TERRORISTS are using online war games like Call of Duty to plot attacks
, The Sun can reveal.
Islamic extremists know cops monitor phone calls, emails and online messages.
So they are turning to PlayStation and Xbox games to keep their deadly plans secret.
Gamers can log on in groups to play against each other and — crucially — to chat in private.
Once signed in to a "lobby" using a password, plotters put on Bluetooth headsets and speak securely to conspirators on the same site.
Other shoot-'em-up games suspected of being targeted by terrorists are thought to be Medal of Honour and the Halo series.
Alamy Last night, a source said: "It's a terrifying reality. These people waste no time finding a secure method of chatting. "They are logging into group games over the internet and discussing terror plots." Security people know about it.
"For millions who love these games this will be a huge shock."
"To think fanatics use them for their own ends is a real worry." Sources say plotters choose realistic conflict games so they can mask their deadly discussions as harmless web chat.
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There has even been evidence would-be jihadists treat war games as training tools, a bit like a pilot might use a flight simulator.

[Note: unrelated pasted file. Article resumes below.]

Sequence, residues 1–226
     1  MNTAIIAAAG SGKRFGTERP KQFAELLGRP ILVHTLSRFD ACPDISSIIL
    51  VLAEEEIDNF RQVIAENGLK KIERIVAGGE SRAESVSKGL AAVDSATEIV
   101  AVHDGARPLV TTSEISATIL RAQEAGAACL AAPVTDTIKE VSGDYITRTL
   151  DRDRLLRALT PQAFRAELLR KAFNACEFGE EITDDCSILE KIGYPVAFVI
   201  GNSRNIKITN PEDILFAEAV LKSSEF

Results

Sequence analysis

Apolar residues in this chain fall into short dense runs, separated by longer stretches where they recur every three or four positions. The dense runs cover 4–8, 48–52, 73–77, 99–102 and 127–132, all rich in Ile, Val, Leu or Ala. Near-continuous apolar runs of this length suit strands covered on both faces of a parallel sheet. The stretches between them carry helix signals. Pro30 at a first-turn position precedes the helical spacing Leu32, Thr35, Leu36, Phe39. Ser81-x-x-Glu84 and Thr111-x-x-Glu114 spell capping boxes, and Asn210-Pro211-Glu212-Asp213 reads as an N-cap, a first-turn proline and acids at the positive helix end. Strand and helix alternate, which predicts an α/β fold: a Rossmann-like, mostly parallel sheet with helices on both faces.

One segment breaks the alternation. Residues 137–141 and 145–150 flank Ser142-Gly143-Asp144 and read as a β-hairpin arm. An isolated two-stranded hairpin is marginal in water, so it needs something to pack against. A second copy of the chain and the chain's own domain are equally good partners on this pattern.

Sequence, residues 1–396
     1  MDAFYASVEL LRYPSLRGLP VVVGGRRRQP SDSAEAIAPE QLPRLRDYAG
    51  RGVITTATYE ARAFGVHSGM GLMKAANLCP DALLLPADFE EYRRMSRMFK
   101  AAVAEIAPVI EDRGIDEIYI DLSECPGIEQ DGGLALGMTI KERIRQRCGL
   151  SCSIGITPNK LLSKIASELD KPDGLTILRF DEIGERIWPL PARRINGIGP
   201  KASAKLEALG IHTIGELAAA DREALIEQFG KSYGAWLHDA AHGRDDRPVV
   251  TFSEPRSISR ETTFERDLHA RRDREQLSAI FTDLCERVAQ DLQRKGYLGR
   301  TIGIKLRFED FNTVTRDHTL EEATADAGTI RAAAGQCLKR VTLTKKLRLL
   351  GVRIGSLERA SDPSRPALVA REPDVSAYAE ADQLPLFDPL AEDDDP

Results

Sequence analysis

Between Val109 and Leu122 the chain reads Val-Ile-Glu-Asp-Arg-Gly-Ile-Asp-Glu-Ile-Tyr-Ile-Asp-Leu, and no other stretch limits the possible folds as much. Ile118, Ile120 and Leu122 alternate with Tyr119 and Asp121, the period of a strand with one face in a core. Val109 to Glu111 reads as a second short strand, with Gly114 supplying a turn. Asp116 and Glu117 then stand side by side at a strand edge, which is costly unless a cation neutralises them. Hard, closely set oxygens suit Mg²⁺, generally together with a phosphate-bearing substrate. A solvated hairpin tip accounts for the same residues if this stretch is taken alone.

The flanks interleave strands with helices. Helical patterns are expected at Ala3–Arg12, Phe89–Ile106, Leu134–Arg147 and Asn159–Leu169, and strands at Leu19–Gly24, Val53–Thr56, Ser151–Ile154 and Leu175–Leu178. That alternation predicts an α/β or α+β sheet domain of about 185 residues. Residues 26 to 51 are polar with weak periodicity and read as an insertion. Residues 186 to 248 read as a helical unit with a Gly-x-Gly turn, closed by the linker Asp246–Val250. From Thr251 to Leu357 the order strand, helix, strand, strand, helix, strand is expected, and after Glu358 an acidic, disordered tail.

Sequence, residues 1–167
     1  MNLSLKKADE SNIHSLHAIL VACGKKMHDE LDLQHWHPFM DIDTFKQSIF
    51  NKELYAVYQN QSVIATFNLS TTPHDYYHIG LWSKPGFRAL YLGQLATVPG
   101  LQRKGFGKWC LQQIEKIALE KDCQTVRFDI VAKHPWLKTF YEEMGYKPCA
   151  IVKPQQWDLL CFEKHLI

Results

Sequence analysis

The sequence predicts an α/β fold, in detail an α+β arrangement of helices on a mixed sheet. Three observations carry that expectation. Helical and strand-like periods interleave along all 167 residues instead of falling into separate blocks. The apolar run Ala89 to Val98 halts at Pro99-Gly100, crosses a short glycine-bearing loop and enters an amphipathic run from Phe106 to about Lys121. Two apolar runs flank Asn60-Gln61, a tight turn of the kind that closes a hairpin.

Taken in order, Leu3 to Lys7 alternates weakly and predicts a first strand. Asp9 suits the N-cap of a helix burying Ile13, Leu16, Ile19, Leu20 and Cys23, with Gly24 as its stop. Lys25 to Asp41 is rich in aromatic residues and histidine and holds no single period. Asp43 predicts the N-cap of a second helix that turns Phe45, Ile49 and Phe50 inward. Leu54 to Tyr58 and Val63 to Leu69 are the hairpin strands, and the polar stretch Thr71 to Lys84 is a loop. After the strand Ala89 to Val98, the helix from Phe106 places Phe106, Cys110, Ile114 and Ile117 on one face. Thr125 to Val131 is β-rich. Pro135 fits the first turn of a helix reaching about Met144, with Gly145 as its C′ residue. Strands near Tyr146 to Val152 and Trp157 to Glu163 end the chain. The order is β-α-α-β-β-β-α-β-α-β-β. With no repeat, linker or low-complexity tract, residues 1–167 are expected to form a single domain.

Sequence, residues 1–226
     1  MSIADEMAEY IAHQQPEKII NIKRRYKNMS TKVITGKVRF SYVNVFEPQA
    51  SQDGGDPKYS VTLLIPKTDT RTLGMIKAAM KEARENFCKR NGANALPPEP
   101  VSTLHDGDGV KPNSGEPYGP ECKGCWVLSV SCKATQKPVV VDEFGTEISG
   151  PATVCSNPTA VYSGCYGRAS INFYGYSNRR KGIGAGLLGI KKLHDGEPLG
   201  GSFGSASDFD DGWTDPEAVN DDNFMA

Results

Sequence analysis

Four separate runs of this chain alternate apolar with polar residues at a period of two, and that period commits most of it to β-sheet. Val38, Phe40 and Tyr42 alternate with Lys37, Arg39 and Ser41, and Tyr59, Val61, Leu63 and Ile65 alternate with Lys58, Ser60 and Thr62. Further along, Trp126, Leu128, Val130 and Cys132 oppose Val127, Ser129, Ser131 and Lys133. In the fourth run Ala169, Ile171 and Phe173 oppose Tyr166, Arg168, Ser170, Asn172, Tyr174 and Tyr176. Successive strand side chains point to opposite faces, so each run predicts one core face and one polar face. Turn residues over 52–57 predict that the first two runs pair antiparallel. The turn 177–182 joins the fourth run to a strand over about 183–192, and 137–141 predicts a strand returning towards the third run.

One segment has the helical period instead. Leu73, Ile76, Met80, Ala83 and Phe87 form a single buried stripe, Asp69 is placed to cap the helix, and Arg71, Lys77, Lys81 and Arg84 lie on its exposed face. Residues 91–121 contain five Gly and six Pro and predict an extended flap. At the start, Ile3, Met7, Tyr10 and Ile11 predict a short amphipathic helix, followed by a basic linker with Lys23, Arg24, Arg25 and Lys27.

News of the growing threat comes five years after the CIA first warned of the menace.
But with the soaring popularity of the games, there are now fears they are being used by increasing numbers of criminals and terrorists.
Last night government sources said police and spy chiefs were already responding to the threat.
A security expert revealed: "Those who fight crime and terrorism keep up to date with technological changes."
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The terrorists choose incredibly realistic "first person games" where the controller works through a complex simulation of war scenarios, carrying out missions and battling enemy fighters.
Gamers choose different styles of play and missions — from planting bombs to fighting one-on-one. Then they enter the lobby and invite their friends to join in.
Call of Duty addicts can even join "clans" — groups who regularly play together
The games use a password-protected log-on
to keep users' identities secret. The system was designed so players anywhere on the globe
can get together for harmless fantasy battles.
But security chiefs now fear plotters are set to turn those fantasies into reality.